Web Security Training

Navigating the web security landscape

Navigating the web security landscape


The websec digest #1

The websec digest gives you a strictly filtered overview of noteworthy incidents, interesting technologies and upcoming events. The most important event of this issue is the Yahoo! hack, which turns out to be a consequence of gross negligence.

Unless you’ve been hiking through the rainforest, you must have heard about the Yahoo! hack, which is considered the largest data breach of all time. Yahoo! quickly pointed to state-sponsored attackers, but as Bruce Schneier points out, it seems that they simply neglected security, and were hacked by a criminal hacker group.

Earlier this week, Mozilla followed up on earlier allegations of misconduct by the Chinese CA WoSign. Apparently, WoSign has been backdating SHA-1 certificates, has secretly obtained ownership of the Israeli CA StartCom (and denied it), and doesn’t take its validation process too serious. Because of that, Mozilla is proposing a timeout period of a year, in which newly issued certs by WoSign and StartCom will not be trusted.

On to some positive news. In June, two Google engineers gave an awesome talk at AppSec EU about CSP. They explained how an overly lax CSP policy can be vulnerable to potential bypass attacks, and why Google decided to replace whitelists with the strict-dynamic keyword. Last week, Google has released its CSP Evaluator, which analyses your CSP policy and notifies you of any vulnerabilities.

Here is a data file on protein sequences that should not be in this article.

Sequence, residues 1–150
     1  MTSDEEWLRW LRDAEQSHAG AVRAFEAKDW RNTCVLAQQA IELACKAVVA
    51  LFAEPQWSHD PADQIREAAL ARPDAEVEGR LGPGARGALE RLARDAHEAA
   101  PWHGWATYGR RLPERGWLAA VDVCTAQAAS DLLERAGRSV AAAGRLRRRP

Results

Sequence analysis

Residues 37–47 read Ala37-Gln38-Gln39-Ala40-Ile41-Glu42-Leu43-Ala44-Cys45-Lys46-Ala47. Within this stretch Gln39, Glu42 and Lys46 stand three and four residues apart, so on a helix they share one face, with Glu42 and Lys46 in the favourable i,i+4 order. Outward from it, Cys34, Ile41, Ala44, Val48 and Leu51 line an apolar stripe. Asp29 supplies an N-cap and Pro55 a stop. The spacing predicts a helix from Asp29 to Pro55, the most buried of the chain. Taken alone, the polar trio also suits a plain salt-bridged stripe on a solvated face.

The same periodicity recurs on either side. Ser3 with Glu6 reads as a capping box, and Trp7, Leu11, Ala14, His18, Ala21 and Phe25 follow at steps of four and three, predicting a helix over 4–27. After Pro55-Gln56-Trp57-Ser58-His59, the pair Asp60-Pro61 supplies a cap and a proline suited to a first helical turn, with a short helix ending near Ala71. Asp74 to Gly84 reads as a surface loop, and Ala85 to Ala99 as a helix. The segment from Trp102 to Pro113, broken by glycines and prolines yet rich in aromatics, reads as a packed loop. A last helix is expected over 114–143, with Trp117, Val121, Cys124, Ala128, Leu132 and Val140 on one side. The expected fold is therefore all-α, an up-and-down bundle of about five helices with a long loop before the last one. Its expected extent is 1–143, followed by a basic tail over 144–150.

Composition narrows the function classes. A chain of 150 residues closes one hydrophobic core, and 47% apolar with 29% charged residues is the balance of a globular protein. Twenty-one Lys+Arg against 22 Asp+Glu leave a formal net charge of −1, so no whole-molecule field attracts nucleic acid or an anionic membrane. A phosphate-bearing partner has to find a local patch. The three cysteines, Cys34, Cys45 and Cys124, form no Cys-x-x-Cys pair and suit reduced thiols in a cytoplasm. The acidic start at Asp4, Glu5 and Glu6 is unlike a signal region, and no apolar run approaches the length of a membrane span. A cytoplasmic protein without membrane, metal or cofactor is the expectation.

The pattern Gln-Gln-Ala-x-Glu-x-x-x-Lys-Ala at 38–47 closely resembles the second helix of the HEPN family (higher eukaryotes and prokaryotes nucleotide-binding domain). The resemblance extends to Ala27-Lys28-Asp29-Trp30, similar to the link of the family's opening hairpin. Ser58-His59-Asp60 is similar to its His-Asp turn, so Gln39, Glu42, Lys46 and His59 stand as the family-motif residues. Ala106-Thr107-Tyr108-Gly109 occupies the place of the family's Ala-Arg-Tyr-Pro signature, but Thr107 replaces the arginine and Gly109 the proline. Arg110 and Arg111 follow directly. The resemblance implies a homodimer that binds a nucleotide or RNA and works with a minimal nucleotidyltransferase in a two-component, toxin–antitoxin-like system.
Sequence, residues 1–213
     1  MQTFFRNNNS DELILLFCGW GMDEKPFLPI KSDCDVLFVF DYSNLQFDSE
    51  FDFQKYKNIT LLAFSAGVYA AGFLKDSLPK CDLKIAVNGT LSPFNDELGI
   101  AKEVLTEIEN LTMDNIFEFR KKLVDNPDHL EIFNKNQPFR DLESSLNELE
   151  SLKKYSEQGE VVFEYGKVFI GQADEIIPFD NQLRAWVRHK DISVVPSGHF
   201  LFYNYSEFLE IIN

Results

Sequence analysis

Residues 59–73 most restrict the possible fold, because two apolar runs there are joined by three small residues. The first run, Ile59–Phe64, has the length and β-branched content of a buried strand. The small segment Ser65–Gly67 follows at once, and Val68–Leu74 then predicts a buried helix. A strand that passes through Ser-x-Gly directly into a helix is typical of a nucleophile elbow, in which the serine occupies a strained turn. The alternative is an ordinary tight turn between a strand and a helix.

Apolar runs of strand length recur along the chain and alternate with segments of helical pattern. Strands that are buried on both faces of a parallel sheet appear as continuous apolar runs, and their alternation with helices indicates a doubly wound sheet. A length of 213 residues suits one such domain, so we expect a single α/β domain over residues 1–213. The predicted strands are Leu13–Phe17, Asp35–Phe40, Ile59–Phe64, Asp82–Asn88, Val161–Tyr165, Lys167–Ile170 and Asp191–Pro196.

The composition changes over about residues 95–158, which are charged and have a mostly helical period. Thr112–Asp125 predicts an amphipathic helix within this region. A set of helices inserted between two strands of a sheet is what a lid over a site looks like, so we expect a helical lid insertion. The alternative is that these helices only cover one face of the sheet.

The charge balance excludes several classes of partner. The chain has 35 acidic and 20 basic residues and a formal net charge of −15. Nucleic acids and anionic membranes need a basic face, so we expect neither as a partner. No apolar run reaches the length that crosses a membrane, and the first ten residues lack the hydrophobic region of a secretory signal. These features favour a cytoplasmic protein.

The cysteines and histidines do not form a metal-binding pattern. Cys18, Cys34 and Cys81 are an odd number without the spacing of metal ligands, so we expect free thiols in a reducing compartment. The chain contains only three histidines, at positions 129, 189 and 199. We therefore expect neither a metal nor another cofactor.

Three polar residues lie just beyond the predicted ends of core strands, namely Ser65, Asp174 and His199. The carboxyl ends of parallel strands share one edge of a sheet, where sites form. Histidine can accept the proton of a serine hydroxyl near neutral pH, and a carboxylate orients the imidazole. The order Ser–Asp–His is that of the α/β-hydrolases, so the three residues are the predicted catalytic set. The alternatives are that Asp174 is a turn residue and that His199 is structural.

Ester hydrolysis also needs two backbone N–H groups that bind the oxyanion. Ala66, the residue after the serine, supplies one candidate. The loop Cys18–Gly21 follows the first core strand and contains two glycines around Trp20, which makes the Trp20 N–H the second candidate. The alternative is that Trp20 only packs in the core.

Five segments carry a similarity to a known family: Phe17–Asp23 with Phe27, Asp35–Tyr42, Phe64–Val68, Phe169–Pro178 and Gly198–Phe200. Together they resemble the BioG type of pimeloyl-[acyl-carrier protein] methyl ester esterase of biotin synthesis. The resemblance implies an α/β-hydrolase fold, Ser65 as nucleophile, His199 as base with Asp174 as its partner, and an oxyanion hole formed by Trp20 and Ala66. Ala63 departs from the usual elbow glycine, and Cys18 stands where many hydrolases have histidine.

To stay in the sphere of HTTPS, Wired has announced that they successfully completed their HTTPS migration. Wired pledged to go full HTTPS earlier this year, but quickly ran into mixed-content issues with their legacy content. It took a bit of time and undoubtedly a lot of effort, but they managed to flip the HTTPS switch after all. Congratulations to them for sticking with it!

And to conclude, some exciting news from Microsoft. They announced that the next version of Windows 10 will isolate the Edge browser into a lightweight virtual machine, making it more difficult to break out of the browser and take control of the machine. Hopefully, this approach will have significant security benefits, and can be extended to other browsers and programs as well!

Finally, a few announcements about past and upcoming events. As usual, you can find more information on my speaking page.


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